Support for LAist comes from
We Explain L.A.
Stay Connected

Share This

This is an archival story that predates current editorial management.

This archival content was written, edited, and published prior to LAist's acquisition by its current owner, Southern California Public Radio ("SCPR"). Content, such as language choice and subject matter, in archival articles therefore may not align with SCPR's current editorial standards. To learn more about those standards and why we make this distinction, please click here.


Nearly $10 Million Owed to LAUSD by Teachers Who Were Mistakenly Overpaid

We need to hear from you.
Today, put a dollar value on the trustworthy reporting you rely on all year long. The local news you read here every day is crafted for you, but right now, we need your help to keep it going. In these uncertain times, your support is even more important. We can't hold those in power accountable and uplift voices from the community without your partnership. Thank you.


Photo by The Consumerist via Flickr

Remember in 2007 when a major LAUSD computer glitch caused thousands of teachers to go without a paycheck while other teachers, including former ones six feet under, got paid extra? That's all fixed now, but the school district is still seeking $9.4 million from 2,400 current and former employees.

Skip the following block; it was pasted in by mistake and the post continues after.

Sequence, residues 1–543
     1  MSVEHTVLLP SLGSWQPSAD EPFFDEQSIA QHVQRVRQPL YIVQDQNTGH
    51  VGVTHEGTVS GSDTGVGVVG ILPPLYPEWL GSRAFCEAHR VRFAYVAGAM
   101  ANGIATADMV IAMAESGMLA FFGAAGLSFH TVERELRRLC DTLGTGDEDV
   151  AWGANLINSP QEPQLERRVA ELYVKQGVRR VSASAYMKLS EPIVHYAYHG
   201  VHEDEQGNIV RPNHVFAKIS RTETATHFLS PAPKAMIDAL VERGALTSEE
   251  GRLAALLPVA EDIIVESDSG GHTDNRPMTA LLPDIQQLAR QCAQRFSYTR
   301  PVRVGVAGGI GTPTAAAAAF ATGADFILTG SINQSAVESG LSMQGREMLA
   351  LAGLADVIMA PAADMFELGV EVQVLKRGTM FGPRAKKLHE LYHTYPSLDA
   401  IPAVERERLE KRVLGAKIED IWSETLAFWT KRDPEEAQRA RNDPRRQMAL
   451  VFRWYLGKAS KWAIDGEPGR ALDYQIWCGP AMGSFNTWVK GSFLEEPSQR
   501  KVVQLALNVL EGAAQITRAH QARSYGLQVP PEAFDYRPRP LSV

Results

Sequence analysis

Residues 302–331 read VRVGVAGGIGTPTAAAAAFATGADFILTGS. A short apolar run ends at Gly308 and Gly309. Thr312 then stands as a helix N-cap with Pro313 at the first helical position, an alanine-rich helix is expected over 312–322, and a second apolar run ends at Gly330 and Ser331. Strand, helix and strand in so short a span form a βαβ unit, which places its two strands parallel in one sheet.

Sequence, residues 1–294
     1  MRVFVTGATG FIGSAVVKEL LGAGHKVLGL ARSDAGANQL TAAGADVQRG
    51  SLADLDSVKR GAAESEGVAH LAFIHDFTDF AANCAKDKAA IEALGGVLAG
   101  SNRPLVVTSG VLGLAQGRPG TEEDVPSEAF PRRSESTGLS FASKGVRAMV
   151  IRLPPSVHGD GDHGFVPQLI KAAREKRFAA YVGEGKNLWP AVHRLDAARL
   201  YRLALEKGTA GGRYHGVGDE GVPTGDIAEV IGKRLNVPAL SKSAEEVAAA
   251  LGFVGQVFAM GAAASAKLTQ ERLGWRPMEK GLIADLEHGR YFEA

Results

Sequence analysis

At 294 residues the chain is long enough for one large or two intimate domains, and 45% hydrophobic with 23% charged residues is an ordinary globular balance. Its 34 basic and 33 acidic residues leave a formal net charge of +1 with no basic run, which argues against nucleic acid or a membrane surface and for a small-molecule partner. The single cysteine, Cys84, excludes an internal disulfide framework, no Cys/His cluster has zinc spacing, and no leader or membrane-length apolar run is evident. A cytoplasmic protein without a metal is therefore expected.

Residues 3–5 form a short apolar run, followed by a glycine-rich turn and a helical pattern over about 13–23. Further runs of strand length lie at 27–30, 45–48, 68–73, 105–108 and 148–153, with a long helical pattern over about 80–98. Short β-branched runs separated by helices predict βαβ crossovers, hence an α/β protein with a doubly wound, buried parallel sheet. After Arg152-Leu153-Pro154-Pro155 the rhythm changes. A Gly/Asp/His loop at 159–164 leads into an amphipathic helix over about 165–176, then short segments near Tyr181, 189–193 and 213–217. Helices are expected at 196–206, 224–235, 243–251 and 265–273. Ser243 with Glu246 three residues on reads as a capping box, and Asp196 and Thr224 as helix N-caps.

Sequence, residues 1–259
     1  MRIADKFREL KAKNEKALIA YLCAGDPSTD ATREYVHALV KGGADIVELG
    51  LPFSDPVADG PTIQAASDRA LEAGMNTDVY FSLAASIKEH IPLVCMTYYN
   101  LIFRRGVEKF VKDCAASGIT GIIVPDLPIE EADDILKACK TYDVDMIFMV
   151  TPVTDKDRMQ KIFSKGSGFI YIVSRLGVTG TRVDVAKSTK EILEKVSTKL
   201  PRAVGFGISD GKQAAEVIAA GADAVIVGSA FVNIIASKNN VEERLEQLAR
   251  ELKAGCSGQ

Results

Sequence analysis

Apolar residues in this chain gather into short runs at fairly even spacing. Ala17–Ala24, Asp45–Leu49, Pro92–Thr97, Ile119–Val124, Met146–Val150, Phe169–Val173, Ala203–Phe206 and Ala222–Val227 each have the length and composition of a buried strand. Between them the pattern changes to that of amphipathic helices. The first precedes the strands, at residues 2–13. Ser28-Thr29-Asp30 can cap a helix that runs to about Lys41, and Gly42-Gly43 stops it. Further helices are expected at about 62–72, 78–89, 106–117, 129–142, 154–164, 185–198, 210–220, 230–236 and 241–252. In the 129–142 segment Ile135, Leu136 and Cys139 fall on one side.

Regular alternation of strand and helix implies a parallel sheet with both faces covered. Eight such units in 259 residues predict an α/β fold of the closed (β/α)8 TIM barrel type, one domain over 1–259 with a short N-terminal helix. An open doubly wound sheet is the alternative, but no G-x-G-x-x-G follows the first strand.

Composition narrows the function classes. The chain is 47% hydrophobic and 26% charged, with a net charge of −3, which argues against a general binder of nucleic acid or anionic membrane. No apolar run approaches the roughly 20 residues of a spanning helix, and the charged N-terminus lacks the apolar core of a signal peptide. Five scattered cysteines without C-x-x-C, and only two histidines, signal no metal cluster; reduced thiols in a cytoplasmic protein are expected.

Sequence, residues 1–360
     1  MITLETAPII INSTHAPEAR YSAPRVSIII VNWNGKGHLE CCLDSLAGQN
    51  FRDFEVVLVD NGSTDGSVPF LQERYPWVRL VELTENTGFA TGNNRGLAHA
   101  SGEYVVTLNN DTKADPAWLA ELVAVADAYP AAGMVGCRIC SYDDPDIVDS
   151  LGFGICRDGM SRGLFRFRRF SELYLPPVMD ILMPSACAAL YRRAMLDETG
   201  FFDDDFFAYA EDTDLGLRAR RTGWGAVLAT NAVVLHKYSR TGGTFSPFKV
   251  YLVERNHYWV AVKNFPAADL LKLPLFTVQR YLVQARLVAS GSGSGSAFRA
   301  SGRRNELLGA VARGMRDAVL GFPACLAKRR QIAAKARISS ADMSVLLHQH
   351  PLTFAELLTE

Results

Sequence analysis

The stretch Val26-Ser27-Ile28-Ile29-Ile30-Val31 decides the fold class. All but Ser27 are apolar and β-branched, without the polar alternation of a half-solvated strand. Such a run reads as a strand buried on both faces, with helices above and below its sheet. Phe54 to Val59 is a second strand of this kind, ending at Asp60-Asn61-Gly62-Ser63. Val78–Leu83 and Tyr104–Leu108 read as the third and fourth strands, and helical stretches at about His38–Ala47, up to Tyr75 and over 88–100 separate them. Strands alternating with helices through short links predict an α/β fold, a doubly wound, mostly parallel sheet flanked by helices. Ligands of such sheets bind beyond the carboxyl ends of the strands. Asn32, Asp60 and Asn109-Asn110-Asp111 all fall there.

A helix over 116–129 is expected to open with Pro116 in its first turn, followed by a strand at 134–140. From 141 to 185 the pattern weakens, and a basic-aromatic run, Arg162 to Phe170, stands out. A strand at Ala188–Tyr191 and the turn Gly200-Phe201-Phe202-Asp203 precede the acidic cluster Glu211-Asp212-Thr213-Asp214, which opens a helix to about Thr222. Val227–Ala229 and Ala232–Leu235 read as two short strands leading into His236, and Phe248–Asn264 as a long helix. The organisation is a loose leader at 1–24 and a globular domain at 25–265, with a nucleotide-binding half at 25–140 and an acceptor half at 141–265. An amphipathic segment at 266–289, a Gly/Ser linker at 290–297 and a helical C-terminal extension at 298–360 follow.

“Thousands of honest employees voluntarily paid back the money. We are aggressively pursuing the hold-outs who are, in effect, stealing dollars that should be spent on instruction or to save jobs,” said LAUSD General Counsel Dave Holmquist in a statement.

Support for LAist comes from

Some 35,000 employees were overpaid $60 million the Business Tools for Schools (BTS) payroll system royally screwed the district and employees. Some teachers earned a few hundred extra dollars with others earning close to $100,000.

“Most employees either have repaid the District or have made arrangements to have the amount withheld from their paychecks,” said Megan Reilly, Chief Financial Officer. “The money must be paid back. It is also urgently needed at this time to stop some layoffs.”

An LA County Superior Court judge is "poised" to grant the district judgements against two employees--one who received $96,000 and another who got $52,000, according to a news release. A third teacher has settled for the full amount of $40,000. Teachers who owe smaller amounts--the average is $5,000--will be referred to a collection agency and if payment is still refused, ore lawsuits will be filed in 2010, he district promises.

Most Read